The party return to cantonments—The bag, though moderate, considered satisfactory—Uncertainty attending the first spear—A hunt-meeting at mess—Discussion regarding rules—Length of spear—Indiscriminate slaughter of sows—Colonel's ire thereat —A few brief suggestions for hunting rules.

On the following morning the hunting-party broke up, and its members, with the exception of Danvers and Vivian, who proceeded to Mandavie, there to take boat for Kurrachee, returned to cantonments.

The number of pig killed had been moderate. But altogether, the sport afforded was deemed quite satisfactory by those concerned; and the bag, indeed, would be generally thought so, except by those gluttons who have been spoiled by shikaring in some one of those districts, and in it alone, where pig are to be found in countless numbers, and on rideable ground. Such favoured spots are, I regret to say, very rare, if, indeed, they anywhere now exist in the Bombay Presidency, though many jungles will afford one or two days' capital sport.

I have, however, not hunted for some years; and possibly some of the crack meets, such as " Arkola" in the Deccan, "Dongwa" in Guzerat, "Aliwan" in Scinde, " Venotree" in Cutch, the neighbourhood of " Oodeypore" in Rajpootana, and numerous other favourite fixtures may have greatly altered, and been superseded by others since then. I have seen good sport at them all, as well as at numerous other places in all the provinces mentioned. The foregoing chronicle will indicate in a great measure where. I sincerely hope that those who have qualified, or are qualifying themselves as spearmen, may have as good or better.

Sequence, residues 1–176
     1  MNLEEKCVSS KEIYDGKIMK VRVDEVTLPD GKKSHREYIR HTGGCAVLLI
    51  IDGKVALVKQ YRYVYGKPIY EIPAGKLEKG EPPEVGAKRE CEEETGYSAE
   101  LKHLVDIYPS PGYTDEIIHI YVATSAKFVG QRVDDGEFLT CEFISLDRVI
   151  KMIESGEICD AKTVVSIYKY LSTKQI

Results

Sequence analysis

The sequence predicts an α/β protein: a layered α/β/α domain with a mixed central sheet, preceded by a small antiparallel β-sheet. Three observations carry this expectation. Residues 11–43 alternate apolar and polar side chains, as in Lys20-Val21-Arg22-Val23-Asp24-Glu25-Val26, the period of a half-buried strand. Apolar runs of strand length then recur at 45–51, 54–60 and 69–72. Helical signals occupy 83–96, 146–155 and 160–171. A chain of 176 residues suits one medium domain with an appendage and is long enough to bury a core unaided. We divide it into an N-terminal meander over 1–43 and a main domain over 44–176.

But though good sport may often be anticipated, the spearman should not be downcast if luck does not always follow his exertions. Perseverance, pluck, and determination will, in the end, triumph, and to my mind all sport is improved by some uncertainty, labour, and difficulty in its attainment. The glittering tushes would not be half so prized a trophy were they very easily obtained. Let no tyro, however unsuccessful at first, despair of succeeding. With practice, and patience, and a determination to succeed, his time will come.

Nor must he look to find invariably, or lose heart at several consecutive blank days. I have myself on many occasions, taken several first spears in one day, but I have also wandered for days over the country in search of pig, without getting even a run. Again, at other times, I have seen several killed by others, and assisted in their slaughter, without obtaining a first spear myself.

Norman was as good as his word, and shortly after his arrival in Bhooj summoned a hunt-meeting at the mess-house.

In India, as in other parts where Englishmen assemble for purposes of recreation or discussion, food or drink, or both, seems to form a natural accompaniment to such meeting. Agreeably with this truly British custom, tiffin was the time selected as that most likely to procure a good attendance; and at that pleasant meal, accordingly, a large party sat down a few days after the termination of the hunting tour.

Many subjects connected with the sport of pigsticking, and especially as relating to the object for which they had met, were freely discussed.